After a rehearsal with the village orchestra (in which I occasionally play the recorder – treble in this instance) I met a church warden, who also works with the children. She had no help to make all the Christingles for the service the next day. Everyone had sent their apologies! It was only mid-morning so I offered to stay along with a dad, his son and a group of older children, who all play in the orchestra.
In previous years the rehearsal and the Christingle-making have taken place at the same time. This year the orchestra rehearsed at an earlier time. So it was my first time helping with the Christingles. The youngsters were spiking soft sweets and grapes onto cocktail sticks. The adults were preparing the oranges with red sticky tape around the “equator”, a white candle in the top and adding four loaded cocktail sticks to each orange at the “four points of the compass”. The sticky tape represented the love of God and the blood of Christ.
When the supply of loaded sticks was depleted the adults joined the children doing that task. “Soft sweets” had been donated. These included marshmallows, coke bottles, dolly mixtures and other sweets. They had to be put on the cocktal sticks, three per stick to represent the fruits of the earth and the four seasons. I only impaled one “Golden Bear”. I decided to stab it in the back! I commented on it and the children told me where they had stabbed their bears. One boy had stabbed a bear in the eye, which led to a discussion of an event in British history. One of the girls explained in some detail about the Battle of Hastings and how the Norman archers had been able to shoot King Harold in the eye.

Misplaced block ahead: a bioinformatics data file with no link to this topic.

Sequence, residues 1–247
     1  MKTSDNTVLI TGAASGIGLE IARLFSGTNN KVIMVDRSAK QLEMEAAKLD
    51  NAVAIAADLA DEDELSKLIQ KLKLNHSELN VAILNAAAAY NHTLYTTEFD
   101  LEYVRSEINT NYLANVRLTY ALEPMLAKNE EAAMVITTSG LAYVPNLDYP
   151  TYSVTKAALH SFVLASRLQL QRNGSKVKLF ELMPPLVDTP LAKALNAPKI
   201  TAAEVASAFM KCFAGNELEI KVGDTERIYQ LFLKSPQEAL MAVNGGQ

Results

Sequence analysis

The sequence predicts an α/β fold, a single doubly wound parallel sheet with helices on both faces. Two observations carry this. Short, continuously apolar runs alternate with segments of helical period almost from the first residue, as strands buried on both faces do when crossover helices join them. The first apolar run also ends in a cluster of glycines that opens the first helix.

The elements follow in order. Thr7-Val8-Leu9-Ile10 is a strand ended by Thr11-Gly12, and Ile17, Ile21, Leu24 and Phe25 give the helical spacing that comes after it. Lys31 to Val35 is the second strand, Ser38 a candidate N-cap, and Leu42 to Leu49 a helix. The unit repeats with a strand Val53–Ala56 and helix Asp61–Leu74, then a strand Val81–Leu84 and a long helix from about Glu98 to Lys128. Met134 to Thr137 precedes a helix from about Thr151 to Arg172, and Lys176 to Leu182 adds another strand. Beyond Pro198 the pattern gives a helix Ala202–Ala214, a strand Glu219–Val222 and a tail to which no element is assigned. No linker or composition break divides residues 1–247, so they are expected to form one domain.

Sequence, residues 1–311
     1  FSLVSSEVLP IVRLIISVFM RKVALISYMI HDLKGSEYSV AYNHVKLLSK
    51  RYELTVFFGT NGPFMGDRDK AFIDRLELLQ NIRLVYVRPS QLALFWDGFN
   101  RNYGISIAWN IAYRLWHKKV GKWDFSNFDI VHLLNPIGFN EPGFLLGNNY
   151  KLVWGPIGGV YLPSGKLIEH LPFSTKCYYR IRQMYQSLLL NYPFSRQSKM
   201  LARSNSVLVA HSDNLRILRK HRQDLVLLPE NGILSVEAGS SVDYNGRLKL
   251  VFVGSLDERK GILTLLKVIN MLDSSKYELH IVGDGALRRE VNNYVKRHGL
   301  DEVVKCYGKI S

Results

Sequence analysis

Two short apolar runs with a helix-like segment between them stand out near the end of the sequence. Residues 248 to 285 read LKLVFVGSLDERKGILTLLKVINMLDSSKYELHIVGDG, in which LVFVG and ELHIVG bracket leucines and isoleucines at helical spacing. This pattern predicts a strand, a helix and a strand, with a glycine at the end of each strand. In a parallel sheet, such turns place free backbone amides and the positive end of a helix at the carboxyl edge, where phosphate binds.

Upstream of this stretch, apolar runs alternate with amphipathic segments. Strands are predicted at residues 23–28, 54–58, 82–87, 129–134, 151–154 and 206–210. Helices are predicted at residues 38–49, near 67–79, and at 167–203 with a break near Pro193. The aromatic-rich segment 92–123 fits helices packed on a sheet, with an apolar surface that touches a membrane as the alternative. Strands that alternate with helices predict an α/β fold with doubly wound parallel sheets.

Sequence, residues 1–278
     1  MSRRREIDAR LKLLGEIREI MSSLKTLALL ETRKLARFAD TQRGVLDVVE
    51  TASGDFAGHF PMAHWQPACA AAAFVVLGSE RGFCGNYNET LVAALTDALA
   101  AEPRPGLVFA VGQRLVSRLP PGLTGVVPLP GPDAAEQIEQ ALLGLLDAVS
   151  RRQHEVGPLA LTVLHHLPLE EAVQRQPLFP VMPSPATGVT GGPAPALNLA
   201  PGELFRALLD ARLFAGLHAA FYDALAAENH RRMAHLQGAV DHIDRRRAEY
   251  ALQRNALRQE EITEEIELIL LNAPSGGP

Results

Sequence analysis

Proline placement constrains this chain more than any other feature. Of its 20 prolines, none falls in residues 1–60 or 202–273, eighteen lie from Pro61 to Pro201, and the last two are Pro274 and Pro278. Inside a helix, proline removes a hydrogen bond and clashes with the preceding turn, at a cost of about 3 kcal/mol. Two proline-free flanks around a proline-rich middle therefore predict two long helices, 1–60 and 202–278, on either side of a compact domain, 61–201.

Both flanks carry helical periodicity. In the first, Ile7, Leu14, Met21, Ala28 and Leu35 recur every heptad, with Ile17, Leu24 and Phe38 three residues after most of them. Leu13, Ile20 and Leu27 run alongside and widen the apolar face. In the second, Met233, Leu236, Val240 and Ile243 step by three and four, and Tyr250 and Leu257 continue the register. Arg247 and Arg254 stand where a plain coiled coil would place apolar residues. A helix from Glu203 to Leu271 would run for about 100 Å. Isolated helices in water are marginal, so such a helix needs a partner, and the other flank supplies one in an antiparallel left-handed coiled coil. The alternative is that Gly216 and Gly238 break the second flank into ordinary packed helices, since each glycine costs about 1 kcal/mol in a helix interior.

I found a photo (or two) on my phone of the Lego reconstruction of the Battle of Hastings, which I had seen at Rheged in the summer, to show to some of the people.
I stayed and helped with the clearing up, which included washing some plates.
Some time after I arrived home I noticed something red and sticky on my ring finger.
Can you tell what it is from the photo?